35. In the Panel’s view the dishonest omissions in the application forms are serious. Members of the public would be concerned by the prospect of a Biomedical Scientist making a dishonest application for employment in breach of a Conditions of Practice Order. It is critically important that regulatory proceedings and recruitment processes have integrity and accurate application forms are a vital part of that process.
36. A significant aspect of the public component is upholding proper standards of behaviour. The Registrant’s conduct fell far below the standard expected of a registered practitioner and the Panel takes the opportunity to declare that it is not acceptable for a registered Biomedical Scientist to dishonestly withhold information on application forms in breach of a specific order. The Panel concluded that public confidence would be undermined if a finding of impairment was not made, given the seriousness of the Registrant’s dishonest conduct and behaviour.
37. The Panel concluded that the Registrant’s current fitness to practise is impaired on the basis of both the personal component and the wider public interest and therefore the HCPC’s case is well-founded.
38. The Panel accepted the advice of the Legal Assessor. The Panel was mindful that the purpose of any sanction is not to punish the Registrant, but to protect the public and the wider public interest. The public interest includes maintaining public confidence in the profession and the HCPC as its regulator and upholding proper standards of conduct and behaviour. The Panel applied the principle of proportionality by weighing the Registrant’s interests with the public interest and by considering each available sanction in ascending order of severity.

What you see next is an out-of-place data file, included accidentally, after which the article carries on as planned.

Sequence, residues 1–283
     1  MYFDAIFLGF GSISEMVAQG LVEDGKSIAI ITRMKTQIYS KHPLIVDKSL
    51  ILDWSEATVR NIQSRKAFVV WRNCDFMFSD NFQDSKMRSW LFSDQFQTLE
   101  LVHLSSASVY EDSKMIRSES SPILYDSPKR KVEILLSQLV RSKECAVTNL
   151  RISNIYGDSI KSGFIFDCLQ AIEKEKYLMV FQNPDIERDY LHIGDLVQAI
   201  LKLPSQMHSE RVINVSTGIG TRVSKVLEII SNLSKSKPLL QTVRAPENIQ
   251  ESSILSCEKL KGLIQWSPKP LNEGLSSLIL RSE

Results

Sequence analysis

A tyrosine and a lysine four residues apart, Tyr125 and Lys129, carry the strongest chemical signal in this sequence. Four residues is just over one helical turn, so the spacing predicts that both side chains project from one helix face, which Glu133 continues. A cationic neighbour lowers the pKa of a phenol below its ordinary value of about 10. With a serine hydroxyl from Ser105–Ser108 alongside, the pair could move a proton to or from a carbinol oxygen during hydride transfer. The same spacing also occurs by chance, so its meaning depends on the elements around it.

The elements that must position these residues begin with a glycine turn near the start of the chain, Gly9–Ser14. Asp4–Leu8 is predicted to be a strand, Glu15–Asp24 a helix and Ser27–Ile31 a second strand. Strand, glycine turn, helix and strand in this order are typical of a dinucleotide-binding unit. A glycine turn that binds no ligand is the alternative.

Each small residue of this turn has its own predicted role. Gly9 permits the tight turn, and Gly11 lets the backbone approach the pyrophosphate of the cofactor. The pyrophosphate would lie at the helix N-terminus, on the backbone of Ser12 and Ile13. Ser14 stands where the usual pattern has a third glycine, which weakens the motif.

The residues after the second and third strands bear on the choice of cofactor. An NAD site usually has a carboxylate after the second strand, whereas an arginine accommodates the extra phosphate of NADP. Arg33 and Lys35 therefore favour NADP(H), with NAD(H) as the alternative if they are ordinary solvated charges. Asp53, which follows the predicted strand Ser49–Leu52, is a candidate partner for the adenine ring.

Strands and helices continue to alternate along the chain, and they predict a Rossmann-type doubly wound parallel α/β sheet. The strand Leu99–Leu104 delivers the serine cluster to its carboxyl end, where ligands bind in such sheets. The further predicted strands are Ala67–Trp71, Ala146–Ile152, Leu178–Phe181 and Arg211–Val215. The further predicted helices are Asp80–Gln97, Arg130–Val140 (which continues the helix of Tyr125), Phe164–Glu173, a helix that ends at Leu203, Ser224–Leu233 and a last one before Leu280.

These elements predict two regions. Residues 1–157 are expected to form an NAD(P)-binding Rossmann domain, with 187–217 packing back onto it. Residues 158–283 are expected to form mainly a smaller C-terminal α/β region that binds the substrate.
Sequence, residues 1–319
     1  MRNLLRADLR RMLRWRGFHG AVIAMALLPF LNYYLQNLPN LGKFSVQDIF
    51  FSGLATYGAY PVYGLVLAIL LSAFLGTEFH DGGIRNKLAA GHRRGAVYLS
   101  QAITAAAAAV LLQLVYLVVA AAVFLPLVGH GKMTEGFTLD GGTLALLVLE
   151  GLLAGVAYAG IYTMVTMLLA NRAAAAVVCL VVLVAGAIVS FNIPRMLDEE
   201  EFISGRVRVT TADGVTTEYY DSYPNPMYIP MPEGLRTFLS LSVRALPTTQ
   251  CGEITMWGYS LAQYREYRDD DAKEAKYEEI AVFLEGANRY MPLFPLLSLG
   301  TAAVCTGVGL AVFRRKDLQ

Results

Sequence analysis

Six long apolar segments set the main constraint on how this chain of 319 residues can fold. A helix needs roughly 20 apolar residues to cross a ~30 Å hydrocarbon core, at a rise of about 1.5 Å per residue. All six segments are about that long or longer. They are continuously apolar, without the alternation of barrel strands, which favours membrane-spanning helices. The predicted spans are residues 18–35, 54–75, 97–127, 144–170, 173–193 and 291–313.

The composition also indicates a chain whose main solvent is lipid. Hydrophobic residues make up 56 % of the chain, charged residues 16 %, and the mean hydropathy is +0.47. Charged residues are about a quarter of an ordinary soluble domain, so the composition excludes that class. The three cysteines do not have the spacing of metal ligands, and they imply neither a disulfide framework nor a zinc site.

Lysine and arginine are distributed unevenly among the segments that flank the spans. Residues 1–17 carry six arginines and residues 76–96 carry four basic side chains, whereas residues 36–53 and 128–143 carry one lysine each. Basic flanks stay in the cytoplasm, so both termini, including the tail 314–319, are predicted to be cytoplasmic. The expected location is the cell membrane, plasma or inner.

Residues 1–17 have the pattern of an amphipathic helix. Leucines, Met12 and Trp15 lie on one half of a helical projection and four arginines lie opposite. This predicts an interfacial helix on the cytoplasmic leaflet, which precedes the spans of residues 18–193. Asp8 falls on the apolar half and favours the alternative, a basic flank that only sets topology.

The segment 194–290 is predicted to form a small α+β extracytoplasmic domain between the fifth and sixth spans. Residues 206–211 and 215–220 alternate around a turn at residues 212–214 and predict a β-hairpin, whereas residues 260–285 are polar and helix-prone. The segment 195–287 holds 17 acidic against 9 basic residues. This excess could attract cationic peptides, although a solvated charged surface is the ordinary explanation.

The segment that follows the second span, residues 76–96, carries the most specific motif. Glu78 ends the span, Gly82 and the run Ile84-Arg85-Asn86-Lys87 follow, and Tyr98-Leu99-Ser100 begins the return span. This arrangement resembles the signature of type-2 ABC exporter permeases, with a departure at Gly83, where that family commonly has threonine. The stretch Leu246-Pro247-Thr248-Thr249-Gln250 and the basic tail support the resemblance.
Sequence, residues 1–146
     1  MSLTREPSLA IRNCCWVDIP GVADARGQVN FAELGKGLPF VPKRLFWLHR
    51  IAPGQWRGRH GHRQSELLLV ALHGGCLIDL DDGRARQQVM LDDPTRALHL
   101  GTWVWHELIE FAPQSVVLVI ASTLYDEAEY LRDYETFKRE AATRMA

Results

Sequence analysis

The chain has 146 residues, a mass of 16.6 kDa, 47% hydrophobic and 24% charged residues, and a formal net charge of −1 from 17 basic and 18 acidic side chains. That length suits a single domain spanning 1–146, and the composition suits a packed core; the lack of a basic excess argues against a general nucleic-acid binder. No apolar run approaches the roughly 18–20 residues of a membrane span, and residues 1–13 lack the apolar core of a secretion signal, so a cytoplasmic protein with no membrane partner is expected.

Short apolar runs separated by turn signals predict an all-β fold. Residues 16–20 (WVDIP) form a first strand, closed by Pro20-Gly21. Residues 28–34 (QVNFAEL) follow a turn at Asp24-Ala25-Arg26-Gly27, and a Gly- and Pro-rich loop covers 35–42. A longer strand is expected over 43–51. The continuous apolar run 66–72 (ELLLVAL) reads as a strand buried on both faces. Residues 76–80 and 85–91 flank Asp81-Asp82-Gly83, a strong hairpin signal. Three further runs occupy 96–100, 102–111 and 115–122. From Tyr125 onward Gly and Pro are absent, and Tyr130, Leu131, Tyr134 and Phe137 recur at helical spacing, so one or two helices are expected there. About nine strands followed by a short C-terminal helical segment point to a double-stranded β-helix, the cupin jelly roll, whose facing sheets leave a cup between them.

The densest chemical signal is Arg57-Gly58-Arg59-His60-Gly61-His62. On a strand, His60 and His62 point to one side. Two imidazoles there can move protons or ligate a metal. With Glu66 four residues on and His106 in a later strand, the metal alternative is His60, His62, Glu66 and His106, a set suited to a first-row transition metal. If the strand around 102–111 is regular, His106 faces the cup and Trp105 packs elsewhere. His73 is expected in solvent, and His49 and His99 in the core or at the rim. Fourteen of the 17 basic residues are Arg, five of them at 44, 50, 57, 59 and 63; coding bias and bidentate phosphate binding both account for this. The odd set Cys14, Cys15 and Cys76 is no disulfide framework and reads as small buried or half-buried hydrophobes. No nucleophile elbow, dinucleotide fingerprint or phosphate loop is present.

39. The Panel had regard to the Indicative Sanctions Policy (ISP) and took into account the submissions made by Mr Ross, on behalf of the HCPC and the submissions made by Ms Fudakowski, on behalf of the Registrant.
40. The Panel identified the following aggravating factors:
· The Registrant was on notice that failure to disclose his Conditions of Practice Order to prospective employers would be a cause for concern;
· The absence of full insight;
· The Registrant lied under oath during these proceedings;
· The Registrant was subject to a Conditions of Practice Order at the time the dishonest applications were submitted.
41. The mitigating factors identified by the Panel were as follows:
· The Registrant made full admissions;
· The Registrant engaged in the regulatory process;
· There was no risk to service users;
· There was no direct impact on colleagues;
· The Registrant was under considerable financial pressure having made over 100 unsuccessful job applications.
42. The Panel first considered taking no action. The Panel concluded that in view of the nature and seriousness of the Registrant’s dishonest behaviour and in the absence of exceptional circumstances, to take no action on his registration would be wholly inappropriate. Furthermore it would be insufficient to protect the public, maintain public confidence and uphold the reputation of the profession.
43. The Panel then considered a Caution Order. The Panel noted paragraph 22 of the ISP which states:
“A caution order is an appropriate sanction for cases, where the lapse is isolated, limited or relatively minor in nature, there is a low risk of recurrence, the registrant has shown insight and taken appropriate action. A caution order should also be considered in cases where the nature of the allegation means that meaningful practice restrictions cannot be imposed but where the registrant has shown insight, the conduct concerned is out of character, the risk of repetition is low and thus suspension from practice would be disproportionate. A caution order is unlikely to be appropriate in cases where the registrant lacks insight.”